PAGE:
I have blogged a few photos that were taken using a Lensbaby before. As I mentioned in this post, the Lensbaby is a hybrid of a tilt-shift and a bellows lens that allows a photographer to create a selective focus effect. With a traditional tilt shift lens, you can create focus on your desired subject and have the other areas of the image out of focus, which makes the subject really pop out from the background. This is achieved by creating a very shallow depth of field.
What the Lensbaby does that's a little different is adds a blurry effect around the center area of focus. As you can see in this image, the flowers and foliage surrounding the water that I was focusing on look streaky, as if you took a watercolor brush and dragged it away from the subject. This effect happens when you focus the Lensbaby, which is done by pushing down on the bellows until your subject is in focus. The flexibility of the bellows also allows the photographer to concentrate their area of focus at any point in the image. So I could focus on the upper right corner, for example, and the rest of the image would have that streaky, soft-focus, watercolor look. I especially like to use this lens for high-contrast or difficult lighting situations, because the Lensbaby allows for some incredible ways to play with light and color.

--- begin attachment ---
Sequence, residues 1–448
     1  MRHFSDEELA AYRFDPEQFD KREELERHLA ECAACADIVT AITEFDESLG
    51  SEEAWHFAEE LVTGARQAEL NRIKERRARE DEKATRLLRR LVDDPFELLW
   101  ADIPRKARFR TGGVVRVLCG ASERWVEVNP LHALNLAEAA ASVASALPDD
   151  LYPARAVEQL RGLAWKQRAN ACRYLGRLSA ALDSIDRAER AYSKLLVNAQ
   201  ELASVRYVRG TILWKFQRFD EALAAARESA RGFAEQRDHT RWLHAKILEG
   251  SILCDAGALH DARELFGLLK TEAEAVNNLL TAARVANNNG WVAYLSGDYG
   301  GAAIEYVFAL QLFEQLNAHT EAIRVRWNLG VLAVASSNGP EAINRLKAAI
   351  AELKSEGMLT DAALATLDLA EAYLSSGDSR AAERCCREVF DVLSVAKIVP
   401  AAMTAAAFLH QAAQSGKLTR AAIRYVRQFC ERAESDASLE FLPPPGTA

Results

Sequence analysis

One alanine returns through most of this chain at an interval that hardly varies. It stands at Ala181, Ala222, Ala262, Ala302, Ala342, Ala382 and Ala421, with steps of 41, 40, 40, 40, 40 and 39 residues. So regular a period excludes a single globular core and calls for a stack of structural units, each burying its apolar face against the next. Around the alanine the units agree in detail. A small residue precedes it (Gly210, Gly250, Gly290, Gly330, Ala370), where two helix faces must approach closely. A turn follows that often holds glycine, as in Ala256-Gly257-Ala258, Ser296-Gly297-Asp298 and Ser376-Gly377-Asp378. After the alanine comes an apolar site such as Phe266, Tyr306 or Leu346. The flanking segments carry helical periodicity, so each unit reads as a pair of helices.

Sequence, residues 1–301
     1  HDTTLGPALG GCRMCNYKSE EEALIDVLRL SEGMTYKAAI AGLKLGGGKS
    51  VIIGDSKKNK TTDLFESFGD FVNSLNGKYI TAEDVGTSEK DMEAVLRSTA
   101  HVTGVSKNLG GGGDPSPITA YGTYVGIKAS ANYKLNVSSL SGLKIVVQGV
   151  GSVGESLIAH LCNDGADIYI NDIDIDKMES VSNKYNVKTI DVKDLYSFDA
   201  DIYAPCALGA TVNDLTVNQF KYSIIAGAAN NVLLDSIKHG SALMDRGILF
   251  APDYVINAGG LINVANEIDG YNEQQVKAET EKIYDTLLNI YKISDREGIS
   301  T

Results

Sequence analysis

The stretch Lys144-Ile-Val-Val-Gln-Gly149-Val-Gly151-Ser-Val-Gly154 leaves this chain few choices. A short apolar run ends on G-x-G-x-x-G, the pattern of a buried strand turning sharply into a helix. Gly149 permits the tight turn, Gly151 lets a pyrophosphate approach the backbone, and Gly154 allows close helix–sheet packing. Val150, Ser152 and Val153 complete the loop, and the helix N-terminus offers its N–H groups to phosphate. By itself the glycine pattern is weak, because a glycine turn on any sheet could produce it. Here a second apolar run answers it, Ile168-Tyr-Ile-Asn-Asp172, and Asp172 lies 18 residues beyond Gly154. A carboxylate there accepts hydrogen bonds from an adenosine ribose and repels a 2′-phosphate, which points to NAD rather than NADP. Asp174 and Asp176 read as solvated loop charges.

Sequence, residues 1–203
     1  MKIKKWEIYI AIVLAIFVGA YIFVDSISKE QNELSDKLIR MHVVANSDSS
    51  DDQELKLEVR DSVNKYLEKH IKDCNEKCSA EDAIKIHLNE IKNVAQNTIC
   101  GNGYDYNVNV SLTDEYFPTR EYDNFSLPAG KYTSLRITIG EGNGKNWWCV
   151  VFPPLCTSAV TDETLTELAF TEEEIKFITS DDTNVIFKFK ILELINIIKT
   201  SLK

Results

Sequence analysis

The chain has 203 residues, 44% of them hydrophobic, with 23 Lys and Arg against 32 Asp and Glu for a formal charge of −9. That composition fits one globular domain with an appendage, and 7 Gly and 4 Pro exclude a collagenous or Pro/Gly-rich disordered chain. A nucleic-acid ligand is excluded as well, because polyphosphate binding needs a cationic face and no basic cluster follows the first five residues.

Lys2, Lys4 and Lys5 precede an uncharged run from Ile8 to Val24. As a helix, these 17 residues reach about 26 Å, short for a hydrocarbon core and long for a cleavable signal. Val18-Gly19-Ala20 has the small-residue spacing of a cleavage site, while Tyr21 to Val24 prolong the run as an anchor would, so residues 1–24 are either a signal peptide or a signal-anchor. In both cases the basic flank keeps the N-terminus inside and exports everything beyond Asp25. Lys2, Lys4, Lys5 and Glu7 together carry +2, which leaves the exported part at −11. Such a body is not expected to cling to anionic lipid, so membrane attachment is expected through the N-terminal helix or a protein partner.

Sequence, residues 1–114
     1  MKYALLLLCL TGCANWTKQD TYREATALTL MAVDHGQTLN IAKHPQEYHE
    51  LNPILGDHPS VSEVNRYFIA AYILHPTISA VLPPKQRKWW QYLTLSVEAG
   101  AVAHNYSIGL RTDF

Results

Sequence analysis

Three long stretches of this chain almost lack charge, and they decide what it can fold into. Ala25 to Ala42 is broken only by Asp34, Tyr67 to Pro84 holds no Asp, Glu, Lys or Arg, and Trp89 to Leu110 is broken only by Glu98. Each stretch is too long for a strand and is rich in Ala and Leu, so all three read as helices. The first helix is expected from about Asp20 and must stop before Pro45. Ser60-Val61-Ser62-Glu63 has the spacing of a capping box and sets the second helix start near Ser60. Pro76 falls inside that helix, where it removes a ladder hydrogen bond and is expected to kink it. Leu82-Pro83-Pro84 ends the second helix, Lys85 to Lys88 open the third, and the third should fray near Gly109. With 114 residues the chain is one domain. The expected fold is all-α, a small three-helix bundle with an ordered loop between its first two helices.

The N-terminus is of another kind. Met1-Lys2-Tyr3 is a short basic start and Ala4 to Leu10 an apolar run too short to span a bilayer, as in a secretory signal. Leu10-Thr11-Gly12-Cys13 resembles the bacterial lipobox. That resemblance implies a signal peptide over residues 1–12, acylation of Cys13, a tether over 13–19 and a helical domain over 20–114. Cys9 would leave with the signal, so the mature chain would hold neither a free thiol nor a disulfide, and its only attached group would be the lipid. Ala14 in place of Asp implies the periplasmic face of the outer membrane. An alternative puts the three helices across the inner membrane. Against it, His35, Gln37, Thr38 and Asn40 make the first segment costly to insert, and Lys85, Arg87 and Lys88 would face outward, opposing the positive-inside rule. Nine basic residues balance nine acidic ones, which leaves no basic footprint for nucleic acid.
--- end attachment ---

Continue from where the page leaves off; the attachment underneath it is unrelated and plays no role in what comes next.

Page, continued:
On our last trip to Ireland, I used the Lensbaby much more than I did our traditional lenses, so I'll be posting some more on the artistic possibilities that can be achieved with this lens, which has a very attractive price point, just $150 USD for the Lensbaby 2.0 (my preferred version). It's a good way to take a step towards expanding your creative vision with your photography.
To really see the full effect in this image, it's best to view it larger. Bigger version posted after the jump.